Each fall, as temperatures drop nationwide, the number of influenza cases in the United States starts to rise, signaling the beginning of flu season. During this period, which traditionally begins in October and runs through May, the U.S. Centers for Disease Control and Prevention (CDC) carries out public information campaigns designed to encourage the public to take steps to reduce the risk posed by influenza. And throughout flu season, voluntary consensus standards are standing by, ready to be of assistance.
One of the most important things that individuals can do to reduce both the risk of contracting influenza and the risk of transmitting it to others is to get a flu shot. The CDC strongly encourages all U.S residents older than six months to receive the flu vaccine, with the exception of individuals who have a history of Guillain-Barré Syndrome, severe allergic reactions to an influenza vaccine, severe allergic reactions to eggs, or people who are currently moderately or severely ill. But once a flu shot has been administered, medical staff members need to take special care to ensure that the syringe and other related medical waste is properly disposed of. CSA Z317.10-2009 (R2014), Handling of waste materials in health care facilities and veterinary health care facilities, lends a hand with this important effort by providing requirements for the safe packaging, collection, storage, and on-site treatment and disposal of this sort of waste material in health clinics and other similar locations. This standard was developed by CSA Group, an American National Standards Institute (ANSI) organizational member and accredited standards developer.
Beyond the flu shot, there are some other steps you can take to protect yourself and others from influenza. One of the simplest but most effective is to make a point of thoroughly washing your hands with soap and water on a regular basis throughout the day. An International Standard from the International Organization for Standardization (ISO), ISO 660:2009, Animal and vegetable fats and oils - Determination of acid value and acidity, sets down methods for determining acidity in animal and vegetable fats and oils, including those used in soap stock, an important component of soap. The standard was developed by ISO Technical Committee (TC) 34, Food products, Subcommittee (SC) 11, Animal and vegetable fats and oils. ANSI member the American Oil Chemists' Society (AOCS) serves as administrator of the ANSI-accredited U.S. Technical Advisory Group (TAG) to ISO TC 34 and SC 11.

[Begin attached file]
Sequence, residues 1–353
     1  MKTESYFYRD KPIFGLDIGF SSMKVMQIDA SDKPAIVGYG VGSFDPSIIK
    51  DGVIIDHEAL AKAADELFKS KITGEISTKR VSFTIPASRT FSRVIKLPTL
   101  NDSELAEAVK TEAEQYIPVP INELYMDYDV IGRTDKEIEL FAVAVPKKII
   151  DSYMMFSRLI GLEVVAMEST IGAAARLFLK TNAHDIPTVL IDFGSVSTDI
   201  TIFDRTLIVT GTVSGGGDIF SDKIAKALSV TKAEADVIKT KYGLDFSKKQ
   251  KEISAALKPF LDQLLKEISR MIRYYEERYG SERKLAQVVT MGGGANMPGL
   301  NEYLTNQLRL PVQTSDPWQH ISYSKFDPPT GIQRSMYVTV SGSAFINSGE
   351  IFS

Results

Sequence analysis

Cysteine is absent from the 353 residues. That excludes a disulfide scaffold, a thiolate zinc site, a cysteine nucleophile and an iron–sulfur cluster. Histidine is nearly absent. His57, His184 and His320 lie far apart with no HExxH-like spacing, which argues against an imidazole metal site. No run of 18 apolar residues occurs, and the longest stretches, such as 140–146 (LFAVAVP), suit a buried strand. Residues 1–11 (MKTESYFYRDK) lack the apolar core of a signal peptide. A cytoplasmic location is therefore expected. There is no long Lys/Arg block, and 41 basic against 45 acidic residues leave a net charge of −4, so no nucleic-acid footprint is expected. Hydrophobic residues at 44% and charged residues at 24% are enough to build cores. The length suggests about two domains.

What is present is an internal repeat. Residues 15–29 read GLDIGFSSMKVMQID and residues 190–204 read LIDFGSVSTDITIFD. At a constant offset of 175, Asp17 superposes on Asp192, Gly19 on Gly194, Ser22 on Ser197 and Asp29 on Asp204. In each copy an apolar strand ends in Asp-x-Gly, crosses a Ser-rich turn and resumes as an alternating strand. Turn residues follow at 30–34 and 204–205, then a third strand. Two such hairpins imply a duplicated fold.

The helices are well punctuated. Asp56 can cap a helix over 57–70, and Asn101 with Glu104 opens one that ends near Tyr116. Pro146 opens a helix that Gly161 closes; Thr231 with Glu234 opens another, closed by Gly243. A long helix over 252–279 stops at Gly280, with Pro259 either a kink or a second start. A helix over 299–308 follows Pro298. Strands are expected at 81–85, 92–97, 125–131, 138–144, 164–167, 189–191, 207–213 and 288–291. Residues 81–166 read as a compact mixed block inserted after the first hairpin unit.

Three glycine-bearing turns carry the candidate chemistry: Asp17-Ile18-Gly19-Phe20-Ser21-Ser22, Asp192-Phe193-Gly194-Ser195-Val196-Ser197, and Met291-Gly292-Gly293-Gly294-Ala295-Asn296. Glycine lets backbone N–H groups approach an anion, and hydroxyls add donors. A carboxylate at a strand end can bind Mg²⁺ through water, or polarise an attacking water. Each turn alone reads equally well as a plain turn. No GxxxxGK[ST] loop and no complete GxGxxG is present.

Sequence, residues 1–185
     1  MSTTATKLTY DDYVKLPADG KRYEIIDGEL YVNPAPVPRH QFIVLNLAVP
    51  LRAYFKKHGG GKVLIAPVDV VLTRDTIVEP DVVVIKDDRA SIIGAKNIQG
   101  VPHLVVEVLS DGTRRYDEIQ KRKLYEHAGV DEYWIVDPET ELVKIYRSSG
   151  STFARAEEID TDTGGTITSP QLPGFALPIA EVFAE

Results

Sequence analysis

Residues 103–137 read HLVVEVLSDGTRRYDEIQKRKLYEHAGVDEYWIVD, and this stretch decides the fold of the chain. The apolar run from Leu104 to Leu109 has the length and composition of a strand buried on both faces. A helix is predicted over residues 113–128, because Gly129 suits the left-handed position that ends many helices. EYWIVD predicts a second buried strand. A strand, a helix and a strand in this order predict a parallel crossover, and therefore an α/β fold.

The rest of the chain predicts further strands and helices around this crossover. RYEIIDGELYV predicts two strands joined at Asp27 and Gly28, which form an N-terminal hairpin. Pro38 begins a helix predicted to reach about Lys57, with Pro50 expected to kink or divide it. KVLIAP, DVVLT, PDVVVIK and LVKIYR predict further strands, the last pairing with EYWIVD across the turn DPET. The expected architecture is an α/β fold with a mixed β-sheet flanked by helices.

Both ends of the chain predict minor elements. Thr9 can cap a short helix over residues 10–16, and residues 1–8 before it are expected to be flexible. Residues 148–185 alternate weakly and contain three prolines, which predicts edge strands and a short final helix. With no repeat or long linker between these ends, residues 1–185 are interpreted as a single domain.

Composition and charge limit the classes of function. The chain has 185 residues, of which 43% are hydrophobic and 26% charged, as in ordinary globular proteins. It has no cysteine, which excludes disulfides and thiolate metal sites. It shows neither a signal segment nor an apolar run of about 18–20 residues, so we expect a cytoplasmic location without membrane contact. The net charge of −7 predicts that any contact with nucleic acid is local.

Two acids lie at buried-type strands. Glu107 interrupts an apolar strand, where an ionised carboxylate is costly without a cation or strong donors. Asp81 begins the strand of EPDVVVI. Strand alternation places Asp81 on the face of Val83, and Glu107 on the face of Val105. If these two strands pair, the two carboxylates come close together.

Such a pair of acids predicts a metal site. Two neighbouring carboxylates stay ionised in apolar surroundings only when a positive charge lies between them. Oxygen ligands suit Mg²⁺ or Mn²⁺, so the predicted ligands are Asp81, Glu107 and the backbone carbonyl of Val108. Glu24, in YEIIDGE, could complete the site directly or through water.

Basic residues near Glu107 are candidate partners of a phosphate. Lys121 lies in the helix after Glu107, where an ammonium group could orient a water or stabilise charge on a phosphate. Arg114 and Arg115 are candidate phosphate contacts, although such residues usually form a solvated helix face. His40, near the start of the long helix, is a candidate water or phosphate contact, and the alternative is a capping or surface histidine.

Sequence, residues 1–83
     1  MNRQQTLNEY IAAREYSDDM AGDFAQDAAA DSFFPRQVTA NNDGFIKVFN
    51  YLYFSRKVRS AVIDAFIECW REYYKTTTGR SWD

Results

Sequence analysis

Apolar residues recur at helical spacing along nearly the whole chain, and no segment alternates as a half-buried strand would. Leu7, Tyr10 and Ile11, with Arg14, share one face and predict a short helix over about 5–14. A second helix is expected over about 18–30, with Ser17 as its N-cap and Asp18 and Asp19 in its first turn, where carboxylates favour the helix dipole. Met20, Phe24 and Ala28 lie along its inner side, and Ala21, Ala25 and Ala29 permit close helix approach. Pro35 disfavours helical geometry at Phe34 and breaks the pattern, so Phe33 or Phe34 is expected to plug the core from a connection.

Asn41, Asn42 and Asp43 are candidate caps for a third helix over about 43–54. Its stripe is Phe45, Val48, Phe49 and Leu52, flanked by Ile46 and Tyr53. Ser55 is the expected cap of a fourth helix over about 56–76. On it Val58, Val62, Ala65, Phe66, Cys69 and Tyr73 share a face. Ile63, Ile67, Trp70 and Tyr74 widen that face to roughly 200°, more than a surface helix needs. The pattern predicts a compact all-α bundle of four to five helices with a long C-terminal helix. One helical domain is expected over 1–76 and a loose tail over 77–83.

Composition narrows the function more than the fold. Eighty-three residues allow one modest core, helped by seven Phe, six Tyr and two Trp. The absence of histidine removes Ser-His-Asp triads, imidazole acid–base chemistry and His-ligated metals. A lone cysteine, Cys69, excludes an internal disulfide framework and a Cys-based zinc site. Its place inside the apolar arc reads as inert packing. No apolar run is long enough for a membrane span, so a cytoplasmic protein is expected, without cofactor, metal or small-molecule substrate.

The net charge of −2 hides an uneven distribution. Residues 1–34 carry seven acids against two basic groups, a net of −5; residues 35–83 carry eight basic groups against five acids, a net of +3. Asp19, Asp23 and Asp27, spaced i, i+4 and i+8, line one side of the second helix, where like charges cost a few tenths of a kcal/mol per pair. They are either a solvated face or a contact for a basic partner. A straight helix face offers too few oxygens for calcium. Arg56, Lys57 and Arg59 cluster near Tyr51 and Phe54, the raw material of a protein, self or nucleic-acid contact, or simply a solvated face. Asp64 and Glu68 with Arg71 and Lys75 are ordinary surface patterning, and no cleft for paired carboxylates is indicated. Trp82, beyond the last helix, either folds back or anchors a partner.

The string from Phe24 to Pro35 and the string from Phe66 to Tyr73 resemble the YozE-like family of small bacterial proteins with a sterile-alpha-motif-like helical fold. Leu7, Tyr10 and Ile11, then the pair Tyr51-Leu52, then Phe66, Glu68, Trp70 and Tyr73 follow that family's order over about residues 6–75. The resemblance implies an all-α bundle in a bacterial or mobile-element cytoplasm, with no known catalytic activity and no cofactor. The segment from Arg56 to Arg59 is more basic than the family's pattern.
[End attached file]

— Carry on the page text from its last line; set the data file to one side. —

If you do contract influenza, the CDC recommends staying at home for at least twenty-four hours after your fever breaks, except to seek medical attention, and suggests that you get as much sleep as possible and stay hydrated. While there are many beverages that support hydration, drinking water is a particularly good way to keep your hydration levels up, since it does not contain any caffeine, diuretics, or other ingredients. A standard developed by the American Water Works Association (AWWA), an ANSI organizational member and accredited standards developer, supports access to clean water by providing guidance on approaches to water treatment. AWWA B202-2013, Quicklime and Hydrated Lime, provides information on the use of hydrated lime and quicklime in pebble, lump, and ground form for use in water supply service.
While most people who get the flu will suffer primarily from aches, sneezing, coughing, and other unpleasant symptoms, some individuals will be more seriously affected, requiring outside medical care or even hospitalization. In some instances, doctors will make use of antivirals to help treat severe cases. ASTM E2756-10, Standard Terminology Relating to Antimicrobial and Antiviral Agents, includes information about terms used in connection with antivirals and antimicrobial agents, with the goal of supporting uniform use of terms in the testing of these important agents. This standard was developed by ANSI member and audited designator ASTM International.
From flu shot to sickbed, voluntary standards are providing important support throughout flu season and beyond. For more information about the flu and the methods for preventing it or mitigating its effects, visit the CDC's website.